Retired veterinarian Craig Challen, who helped rescue 12 boys and their coach from a flooded Thai cave, is WA's nominee for Australian of the Year.
An "ordinary bloke" who helped rescue 12 boys and their soccer coach from a flooded Thai cave could soon be bestowed the honour of Australian of the Year.
Retired veterinarian Craig Challen, is the West Australian nominee for Australian of the Year, while his dive partner, anaesthetist Richard Harris, is the South Australian nominee.
The pair, who have already received the Star of Courage for their roles in the daring July rescue mission in the northern province of Chiang Rai, are tipped to jointly take out the honour.
They were preparing for a trip to the Nullarbor when they received the call for help.
Working up to 12 hours a day, Mr Challen repeatedly risked his life as the children were taken through the narrow and dark Tham Luang Nang Non cave.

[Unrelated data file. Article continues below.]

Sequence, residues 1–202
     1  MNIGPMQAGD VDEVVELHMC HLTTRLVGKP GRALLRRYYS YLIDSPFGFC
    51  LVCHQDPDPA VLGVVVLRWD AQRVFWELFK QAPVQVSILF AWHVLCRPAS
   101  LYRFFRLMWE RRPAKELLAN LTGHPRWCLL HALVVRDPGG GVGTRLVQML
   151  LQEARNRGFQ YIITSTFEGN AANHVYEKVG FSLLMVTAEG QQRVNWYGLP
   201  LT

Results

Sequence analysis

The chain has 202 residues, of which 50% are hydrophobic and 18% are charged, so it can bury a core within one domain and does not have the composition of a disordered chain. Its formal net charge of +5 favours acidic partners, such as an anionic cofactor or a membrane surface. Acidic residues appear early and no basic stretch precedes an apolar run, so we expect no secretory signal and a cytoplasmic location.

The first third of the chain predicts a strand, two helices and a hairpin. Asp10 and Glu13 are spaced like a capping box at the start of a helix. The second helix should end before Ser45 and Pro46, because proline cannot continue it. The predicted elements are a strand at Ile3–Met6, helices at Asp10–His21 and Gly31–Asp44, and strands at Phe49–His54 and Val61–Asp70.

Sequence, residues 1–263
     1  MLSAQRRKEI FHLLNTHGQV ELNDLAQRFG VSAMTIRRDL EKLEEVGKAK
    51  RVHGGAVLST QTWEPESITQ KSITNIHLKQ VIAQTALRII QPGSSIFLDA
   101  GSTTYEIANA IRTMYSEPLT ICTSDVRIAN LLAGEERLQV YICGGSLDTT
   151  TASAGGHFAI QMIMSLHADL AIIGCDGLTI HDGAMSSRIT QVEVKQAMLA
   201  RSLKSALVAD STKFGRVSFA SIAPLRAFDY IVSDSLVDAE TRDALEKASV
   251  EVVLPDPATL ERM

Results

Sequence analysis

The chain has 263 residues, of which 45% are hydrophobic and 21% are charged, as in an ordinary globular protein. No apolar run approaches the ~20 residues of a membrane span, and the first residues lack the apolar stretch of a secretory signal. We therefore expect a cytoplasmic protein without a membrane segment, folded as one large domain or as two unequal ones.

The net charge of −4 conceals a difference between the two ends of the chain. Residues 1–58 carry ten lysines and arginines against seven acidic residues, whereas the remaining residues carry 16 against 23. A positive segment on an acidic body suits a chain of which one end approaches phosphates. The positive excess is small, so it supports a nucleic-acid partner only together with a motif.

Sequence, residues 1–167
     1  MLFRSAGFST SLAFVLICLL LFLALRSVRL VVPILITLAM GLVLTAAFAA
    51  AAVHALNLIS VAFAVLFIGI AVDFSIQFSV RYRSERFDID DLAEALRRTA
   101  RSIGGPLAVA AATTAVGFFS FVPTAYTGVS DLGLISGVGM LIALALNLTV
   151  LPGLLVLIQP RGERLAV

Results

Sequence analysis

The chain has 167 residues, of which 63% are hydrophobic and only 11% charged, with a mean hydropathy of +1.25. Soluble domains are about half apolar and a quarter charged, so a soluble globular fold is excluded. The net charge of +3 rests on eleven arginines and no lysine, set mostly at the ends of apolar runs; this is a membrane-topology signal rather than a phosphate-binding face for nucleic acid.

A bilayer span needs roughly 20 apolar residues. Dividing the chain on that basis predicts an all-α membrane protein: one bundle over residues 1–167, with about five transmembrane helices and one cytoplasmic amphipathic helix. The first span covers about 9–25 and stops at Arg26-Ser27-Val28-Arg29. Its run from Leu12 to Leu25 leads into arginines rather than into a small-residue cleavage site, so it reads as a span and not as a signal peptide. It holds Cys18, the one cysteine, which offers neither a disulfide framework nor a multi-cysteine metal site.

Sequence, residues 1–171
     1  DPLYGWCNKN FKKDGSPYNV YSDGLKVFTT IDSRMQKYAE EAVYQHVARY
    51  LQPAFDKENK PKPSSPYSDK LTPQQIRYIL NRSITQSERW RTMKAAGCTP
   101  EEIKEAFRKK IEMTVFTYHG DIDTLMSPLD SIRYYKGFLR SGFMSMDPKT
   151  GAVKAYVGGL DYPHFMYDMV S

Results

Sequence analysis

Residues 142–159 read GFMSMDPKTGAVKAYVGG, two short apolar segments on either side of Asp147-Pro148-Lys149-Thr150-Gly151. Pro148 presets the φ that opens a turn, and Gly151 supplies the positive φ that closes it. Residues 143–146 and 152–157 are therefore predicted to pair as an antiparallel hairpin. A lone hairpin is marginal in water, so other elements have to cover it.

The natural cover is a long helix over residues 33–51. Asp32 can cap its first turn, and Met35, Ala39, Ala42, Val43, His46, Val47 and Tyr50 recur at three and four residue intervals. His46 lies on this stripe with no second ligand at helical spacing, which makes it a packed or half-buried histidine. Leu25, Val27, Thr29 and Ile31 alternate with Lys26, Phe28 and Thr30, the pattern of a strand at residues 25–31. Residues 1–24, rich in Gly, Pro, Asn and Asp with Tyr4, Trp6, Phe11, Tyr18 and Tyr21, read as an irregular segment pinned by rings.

The ordeal lasted more than two weeks and Dr Challen has previously described it as a desperate situation.
"We were just two ordinary blokes who have got an unusual hobby not many people have heard of," he said.
"I just can't stress how bleak the outlook was for those kids in there."
The book and film rights to the international cave rescue story have reportedly been sold for about $6 million to a US publisher and movie house.
The Australian doctors are each expected to pocket about $1.5 million, with the rest to be shared between the Wild Boars soccer team and their coach.
Then Prime Minister Malcolm Turnbull said at the time that the rescue was "one of the most heroic and inspiring episodes of our time".